‘BLOWN AWAY’ | Inquirer News


Inexplicable joy: Mind-blowing
SYMBOLIC  A gust of wind blows away the white cap off the head of Pope Francis as he prepares to descend the steps of the Sri Lankan plane that brought him to Manila from Colombo.  EDWIN BACASMAS

SYMBOLIC A gust of wind blows away the white cap off the head of Pope Francis as he prepares to descend the steps of the Sri Lankan plane that brought him to Manila from Colombo. EDWIN BACASMAS

MANILA, Philippines–A bird flew, which was natural. But a skullcap?

Seconds after Pope Francis appeared at the top of the plane’s steps, a gust of wind abruptly kicked up and blew away his white skullcap.


Francis grabbed his skullcap—a futile effort, as it was already long airborne—then smiled and descended the steps to begin his visit to the Philippines.

As he took his first steps on Philippine soil, a white bird flew over the media bleachers a good hundred meters away. Francis must have seen it, too. He smiled and went on his way and was promptly “lost” in an estimate of the welcome throng that ranged from a million to 3 million.


Church bells tolled across the country as the Sri Lankan Airlines Airbus A340-300 that carried the leader of the world’s 1.2 billion Catholics from Colombo, Sri Lanka, touched down at Villamor Air Base in Pasay City at 5:31 p.m. Wednesday.

On his first apostolic visit to the Philippines, Francis received a rousing, thumping hip-hop welcome from 1,200 youngsters that drew the flight attendants from the plane out onto the stairwell to watch.

Well-wishers led by President Aquino welcomed the Pope at the foot of the ramp as tens of thousands of Filipinos at the air base and on the streets along his motorcade route waved tiny Vatican and Philippine flags.

“Welcome Pope Francis,” they chanted.

Millions more who had been anticipating the papal visit for months watched the arrival on television in their homes.

The “Pope of the Masses” was finally here and the Filipinos, known for their deep Catholicism and piety, could not get enough of him.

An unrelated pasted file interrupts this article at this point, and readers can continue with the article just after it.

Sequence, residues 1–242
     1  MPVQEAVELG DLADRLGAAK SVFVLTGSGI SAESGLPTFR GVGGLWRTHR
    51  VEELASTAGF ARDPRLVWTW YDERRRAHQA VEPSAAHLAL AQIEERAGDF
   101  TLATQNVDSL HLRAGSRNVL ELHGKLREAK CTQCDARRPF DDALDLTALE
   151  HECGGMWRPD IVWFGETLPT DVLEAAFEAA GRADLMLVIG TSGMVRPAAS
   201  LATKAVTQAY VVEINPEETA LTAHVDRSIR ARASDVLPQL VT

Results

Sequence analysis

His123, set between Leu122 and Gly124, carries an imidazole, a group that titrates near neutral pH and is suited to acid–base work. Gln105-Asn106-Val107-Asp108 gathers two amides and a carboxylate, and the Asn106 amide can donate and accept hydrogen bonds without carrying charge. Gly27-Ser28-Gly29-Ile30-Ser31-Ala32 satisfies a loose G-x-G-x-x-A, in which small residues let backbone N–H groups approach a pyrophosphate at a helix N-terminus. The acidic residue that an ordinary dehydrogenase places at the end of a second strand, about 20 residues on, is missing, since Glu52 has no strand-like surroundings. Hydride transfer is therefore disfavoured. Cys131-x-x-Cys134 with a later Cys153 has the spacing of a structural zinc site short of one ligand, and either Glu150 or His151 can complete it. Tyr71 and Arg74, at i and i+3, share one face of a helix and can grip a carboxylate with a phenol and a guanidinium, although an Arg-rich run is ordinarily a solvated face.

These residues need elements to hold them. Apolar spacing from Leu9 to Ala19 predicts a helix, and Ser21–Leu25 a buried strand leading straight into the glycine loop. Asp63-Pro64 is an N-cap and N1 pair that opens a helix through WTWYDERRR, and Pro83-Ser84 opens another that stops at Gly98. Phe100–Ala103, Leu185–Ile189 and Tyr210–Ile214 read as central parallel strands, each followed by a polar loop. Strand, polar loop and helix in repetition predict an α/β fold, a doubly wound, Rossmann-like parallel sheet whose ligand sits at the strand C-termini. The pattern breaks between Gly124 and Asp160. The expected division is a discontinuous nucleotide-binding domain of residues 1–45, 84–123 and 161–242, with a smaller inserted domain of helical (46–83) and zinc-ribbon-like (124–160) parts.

After the ceremonies on the tarmac, Francis began the slow-walk to his popemobile and was greeted by Mark Angelo Balberos, 10, and Lanie Ortillo, 9, who came from a house for street children to welcome him with a bouquet of flowers.


In a touching moment, the Pope hugged the children and handed each a rosary.

“I just greeted him, ‘Welcome, Pope Francis.’ And he said, ‘Yes, bienvenido,’” Ortillo later told reporters. “As we hugged I prayed that he would be able to help countless children like me,” she said.

Balberos said he greeted the Pope, “Mabuhay, Pope Francis.”

“He didn’t say anything. He just hugged me,” the boy said. “I was very happy. It was the first time I hugged him. It was like hugging my entire family.”

The boy said he would take care of the rosary given to him by the Pope.

Meeting officials

Toward the end of the walk from the plane, Francis got back his skullcap as President Aquino introduced him to members of his Cabinet.

With the President were Vice President Jejomar Binay, Executive Secretary Paquito Ochoa Jr., and 10 Cabinet secretaries, who kissed the hand of the Pope.

They were Secretaries Albert del Rosario of foreign affairs, Cesar Purisima of finance, Leila de Lima of justice, Rogelio Singson of public works, Armin Luistro of education, Voltaire Gazmin of defense, Manuel Roxas II of local government, Joseph E. A. Abaya of transportation, Florencio Abad of budget, and Arsenio Balisacan of socioeconomic planning.

Also there to welcome the Pope were Manila Archbishop Luis Antonio Cardinal Tagle, whom Francis hugged effusively, Archbishop Socrates Villegas, president of the Catholic Bishops’ Conference of the Philippines (CBCP), Bishop Jesse Mercado of Parañaque, Cotabato Archbishop Orlando Quevedo, Cagayan de Oro Archbishop Antonio Ledesma, Davao Archbishop Romulo Valles, Cabanatuan Bishop Sofronio Bancud, San Fernando, La Union, Bishop Rodolfo Beltran, Malaybalay Bishop Jose Cabantan, Infanta Prelate Bernadino Cortez, Daet Bishop Gilbert Garcera, Jolo Vicar Apostolic Angelito Lampon, Lucena Bishop Emilio Marquez and Fr. Marvin S. Mejia, CBCP secretary general.

Joyous welcome

As the introductions went on, young performers twirled, waved white flags, chanted and jumped before opening blue, red, white and yellow umbrellas to form a Philippine flag as they danced to the tune of the upbeat “Piliin mo ang Pilipinas.”

With swift movements, they clapped their hands and pumped their open hands in the air as they danced to the reggae “Kapayapaan” (Peace), signifying that the Pope’s visit brings peace to a country often struck by fierce storms and big earthquakes.

Smiling broadly, Francis waved to them.

Then 158 schoolgirls and boys swayed to the tune of “Sayaw ng Pagbati” (Dance of Welcome), a hymn sang by parishioners of Parañaque for the Risen Christ on Easter Sunday.

“We are a people of joy, and the best way to show the joy is we dance, we sing,” Mercado told reporters earlier.